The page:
14 June 2013|
Important Questions to Ask an Insurance Adjuster
“If you’ve been in and accident and an insurance adjuster contacts you on the phone you should ask them certain questions:
Will they admit fault for the accident? If they will not you should cease the conversation immediately and contact an attorney.
Will they pay for your car repairs, your rental car, and your medical bills?
How much insurance did their driver carry?
This is all information that you’re entitled to ask and you’re entitled to know in an accident case.”
Often an insurance adjuster will contact you right after an accident. They may appear very friendly and sometimes even send you a written "Customer Service Pledge", in an attempt to convince you your case will be handled fairly and paid at full value when settled. But beware, in order to interact successfully with an insurance company, you must become a fully informed consumer.
First, keep in mind, an insurance company is a business. Their whole purpose, like that of any other business, is to make a profit. The way you make a profit as an insurance company is to take in more than you pay out.
Second, keep in mind, insurance companiy's are usually very large corporations with highly trained personnel. Their people know the fine details of the law and know what steps they can take to defeat or minimize the value of your claim. Although some companines do treat people fairly, it is important to remember their only legal obligation is to protect their customer, not you. It is their job to take whatever measures they can to defend against your claim or to make it have as little value as possible.
The questions below can be an important barometer of whether or not the insurance company contacting you intends to deal with you fairly. If the company balks at giving information which would put you on an equal footing with them, or refuses to give information which you are entitled to by law, this is an important red flag. Unless you have experience in claims handling, a working knowledge of tort law and the resources to handle a confrontational relationship with an insurance adjuster, now is the time to get help.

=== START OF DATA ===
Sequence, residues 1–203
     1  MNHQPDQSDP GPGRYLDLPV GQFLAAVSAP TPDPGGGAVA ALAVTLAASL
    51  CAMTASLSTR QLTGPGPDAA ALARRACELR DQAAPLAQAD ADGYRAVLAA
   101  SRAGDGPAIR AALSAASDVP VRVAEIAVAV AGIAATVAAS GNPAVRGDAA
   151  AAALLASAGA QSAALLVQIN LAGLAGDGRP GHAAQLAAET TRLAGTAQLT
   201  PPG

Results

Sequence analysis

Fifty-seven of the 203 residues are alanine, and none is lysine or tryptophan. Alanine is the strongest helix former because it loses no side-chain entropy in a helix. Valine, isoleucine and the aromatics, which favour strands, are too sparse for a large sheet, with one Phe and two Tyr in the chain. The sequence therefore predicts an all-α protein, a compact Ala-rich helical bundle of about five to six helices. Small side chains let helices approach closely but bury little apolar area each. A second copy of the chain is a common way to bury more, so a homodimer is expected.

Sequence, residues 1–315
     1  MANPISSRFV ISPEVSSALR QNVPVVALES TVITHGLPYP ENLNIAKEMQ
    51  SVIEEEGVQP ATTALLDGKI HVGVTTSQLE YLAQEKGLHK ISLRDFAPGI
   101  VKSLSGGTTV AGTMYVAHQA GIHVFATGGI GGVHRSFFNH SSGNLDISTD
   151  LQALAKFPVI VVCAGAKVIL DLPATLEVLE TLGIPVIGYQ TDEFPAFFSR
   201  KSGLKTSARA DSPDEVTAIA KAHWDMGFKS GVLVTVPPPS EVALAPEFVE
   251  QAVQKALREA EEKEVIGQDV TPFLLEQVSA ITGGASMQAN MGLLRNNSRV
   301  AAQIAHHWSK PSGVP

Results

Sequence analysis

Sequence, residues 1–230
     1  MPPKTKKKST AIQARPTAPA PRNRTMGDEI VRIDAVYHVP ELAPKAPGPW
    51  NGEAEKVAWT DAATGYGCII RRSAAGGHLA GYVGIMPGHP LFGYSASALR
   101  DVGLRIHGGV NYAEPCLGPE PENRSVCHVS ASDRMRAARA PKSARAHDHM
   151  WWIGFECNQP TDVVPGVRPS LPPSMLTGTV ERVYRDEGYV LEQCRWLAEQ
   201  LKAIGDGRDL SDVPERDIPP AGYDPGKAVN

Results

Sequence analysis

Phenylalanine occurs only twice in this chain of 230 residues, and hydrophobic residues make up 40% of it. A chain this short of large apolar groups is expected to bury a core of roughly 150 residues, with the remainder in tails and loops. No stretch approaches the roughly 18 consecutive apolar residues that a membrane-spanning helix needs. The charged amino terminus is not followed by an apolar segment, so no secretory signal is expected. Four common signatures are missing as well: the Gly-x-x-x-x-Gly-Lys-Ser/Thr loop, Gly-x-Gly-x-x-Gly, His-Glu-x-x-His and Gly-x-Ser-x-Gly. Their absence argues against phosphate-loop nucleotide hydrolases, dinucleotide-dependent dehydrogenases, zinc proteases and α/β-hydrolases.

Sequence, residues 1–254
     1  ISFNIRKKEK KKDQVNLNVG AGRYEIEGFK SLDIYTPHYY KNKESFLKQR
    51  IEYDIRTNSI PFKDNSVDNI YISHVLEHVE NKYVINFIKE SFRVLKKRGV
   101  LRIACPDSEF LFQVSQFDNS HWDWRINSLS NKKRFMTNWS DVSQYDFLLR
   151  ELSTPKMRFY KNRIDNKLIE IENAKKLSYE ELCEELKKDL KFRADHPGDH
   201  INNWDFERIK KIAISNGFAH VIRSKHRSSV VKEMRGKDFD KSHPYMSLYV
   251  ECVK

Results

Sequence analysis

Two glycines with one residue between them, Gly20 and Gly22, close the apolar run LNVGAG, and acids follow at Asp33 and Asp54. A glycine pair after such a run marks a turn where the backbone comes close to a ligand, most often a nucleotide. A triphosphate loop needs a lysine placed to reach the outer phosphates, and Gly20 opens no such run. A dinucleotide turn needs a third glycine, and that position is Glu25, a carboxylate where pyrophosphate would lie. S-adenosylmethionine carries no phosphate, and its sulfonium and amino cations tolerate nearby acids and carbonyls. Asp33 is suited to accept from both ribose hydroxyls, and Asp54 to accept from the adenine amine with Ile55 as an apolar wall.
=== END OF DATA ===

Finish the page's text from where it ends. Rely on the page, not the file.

1. "Will you admit fault for the accident?"
This is an important first question. Most accidents are clearly the fault of one party or the other. Unless your case is questionable, the insurance company should step up and admit fault at the outset, just as you would do if it were your fault. If they won't, this is an important red flag you may have more problems later. Ask for it in writing.
2. "How much insurance coverage does your driver carry?"
You are entitled to this information under both Oregon and Washington Rules of Court. ORCP 36 B(2), WCR 26 b(2). In fact, if a suit were filed, you would be entitled to a complete copy of their policy. If this information isn't forthcoming, you may have a problem later. Once again, get it in writing.
3. If you let the insurance adjuster record your version of the accident, ask for a copy of the recording they took from their driver.
They have both versions, why shouldn't you? If they refuse, this is a real red flag they intend to monopolize the information in the case, usually to your detriment later.
4. "Will you pay for my car to be repaired to manufacturer's specifications, without used or after market parts?"
After market parts can lower your car's value and make it unsafe on the road. Insurance companies save millions of dollars working with body shops that agree to use after market parts. Make sure your car isn't repaired that way and of course, once again, get it in writing.
5. "Will you pay for my medical bills and lost wages as they are incurred?"
Many companies do so when the blame for the collision rests clearly with their driver. If they won't, this can be an important red flag they intend to dispute these items later.
6. "Do you mind if I consult a lawyer?"
If they do, or try to convince you not to, another important red flag is raised. Insurance adjusters are trained to keep you away from a lawyer if they can. Why? Because knowledge is power in this relationship. If you get professional help, they lose the ability to control the information on the claim. They may tell you getting a lawyer will only mean you'll lose 1/3 of your settlement to the attorney as they pay the same settlement whether you get a lawyer or not. Nothing could be a bigger myth. The proof is right from the insurance companies. Allstate Insurance documents show that consumers with attorneys filing clams against Allstate received 2 to 3 times more in awards than those dealing with Allstate on their own. (Taken from Allstate Insurance Company, Unrepresented Segment Training Manual, July 1995) This is a big red flag. If an adjuster appears unhappy about your desire to consult a lawyer, you probably need one.